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Applied Biochemistry and Biotechnology

, Volume 174, Issue 3, pp 880–896 | Cite as

Nanomaterial-Based Biosensors for Food Toxin Detection

  • Bansi D. MalhotraEmail author
  • Saurabh Srivastava
  • Md. Azahar Ali
  • Chandan Singh
Article

Abstract

There is an increased interest toward the development of bioelectronic devices for food toxin (mycotoxins) detection. Mycotoxins are highly toxic secondary metabolites produced by fungi like Fusarium, Aspergillus, and Penicillium that are frequently found in crops or during storage of food including cereals, nuts, fruits, etc. The contamination of food by mycotoxins has become a matter of increasing concern. High levels of mycotoxins in the diet can cause adverse, acute, and chronic effects on human health and a variety of animal species. Side effects may particularly affect the liver, kidney, nervous system, endocrine system, and immune system. Among 300 mycotoxins known till date, there are a few that are considered to play an important part in food safety, and for these, a range of analytical methods have been developed. Some of the important mycotoxins include aflatoxins, ochratoxins, fumonisins, citreoviridin, patulin, citrinin, and zearalenon. The conventional methods of analysis of mycotoxins normally require sophisticated instrumentation, e.g., liquid chromatography with fluorescence or mass detectors, combined with extraction procedures for sample preparation. Hence, new analysis tools are necessary to attain more sensitive, specific, rapid, and reliable information about the desired toxin. For the last about two decades, the research and development of simpler and faster analytical procedures based on affinity biosensors has aroused much interest due to their simplicity and sensitivity. The nanomaterials have recently had a great impact on the development of biosensors. The functionalized nanomaterials are used as catalytic tools, immobilization platforms, or as optical or electroactive labels to improve the biosensing performance to obtain higher sensitivity, stability, and selectivity. Nanomaterials, such as carbon nanomaterials (carbon nanotubes and graphene), metal nanoparticles, nanowires, nanocomposites, and nanostructured metal oxide nanoparticles are playing an increasing role in the design of sensing and biosensing systems for mycotoxin determination. Furthermore, these nanobiosystems are also bringing advantages in terms of the design of novel food toxin detection strategies. We will focus on some of the recent results related to fabrication of nanomaterial-based biosensors for food toxin detection obtained in our laboratories.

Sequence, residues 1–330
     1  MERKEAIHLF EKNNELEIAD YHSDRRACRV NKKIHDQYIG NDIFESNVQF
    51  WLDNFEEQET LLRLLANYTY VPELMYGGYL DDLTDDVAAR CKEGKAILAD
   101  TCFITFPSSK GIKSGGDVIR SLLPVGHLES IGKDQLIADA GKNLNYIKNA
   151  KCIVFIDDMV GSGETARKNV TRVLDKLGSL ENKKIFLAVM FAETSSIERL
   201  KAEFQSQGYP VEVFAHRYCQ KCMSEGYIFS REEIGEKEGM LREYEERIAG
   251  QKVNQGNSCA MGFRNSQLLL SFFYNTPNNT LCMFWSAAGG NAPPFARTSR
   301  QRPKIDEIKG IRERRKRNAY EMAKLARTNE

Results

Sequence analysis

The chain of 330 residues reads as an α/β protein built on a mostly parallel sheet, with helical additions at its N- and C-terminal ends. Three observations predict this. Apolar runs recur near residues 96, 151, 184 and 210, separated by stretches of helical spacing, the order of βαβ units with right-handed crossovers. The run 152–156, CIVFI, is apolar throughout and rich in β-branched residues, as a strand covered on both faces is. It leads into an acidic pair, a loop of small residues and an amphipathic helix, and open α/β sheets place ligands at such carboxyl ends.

Keywords

Food toxins Mycotoxins Nanomaterials Carbon nano materials Graphene oxide 

Notes

Acknowledgments

We thank Dr Anchal Srivastava (Banaras Hindu University, India) and Dr G. Sumana (CSIR-National Physical Laboratory, India) for interesting discussions. S.S. acknowledges the financial support from CSIR (SRF: 31/001(0302)/2008-EMRI), New Delhi, India. The financial support received from Department of Science and Technology, India (Grant No. DST/TSG/ME/2008/18) and Indian Council of Medical Research, India (Grant No. ICMR/5/3/8/91/GM/2010-RHN) is gratefully acknowledged.

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    Accepted in the special issue on Applied Biochemistry and Biotechnology 2014. doi: 10.1007/s12010-014-0965-4.

Copyright information

© Springer Science+Business Media New York 2014

Authors and Affiliations

  • Bansi D. Malhotra
    • 1
    • 2
    Email author
  • Saurabh Srivastava
    • 2
  • Md. Azahar Ali
    • 2
  • Chandan Singh
    • 2
  1. 1.Department of BiotechnologyDelhi Technological UniversityDelhiIndia
  2. 2.Department of Science and Technology Center on Biomolecular Electronics, Biomedical Instrumentation SectionCSIR-National Physical LaboratoryNew DelhiIndia

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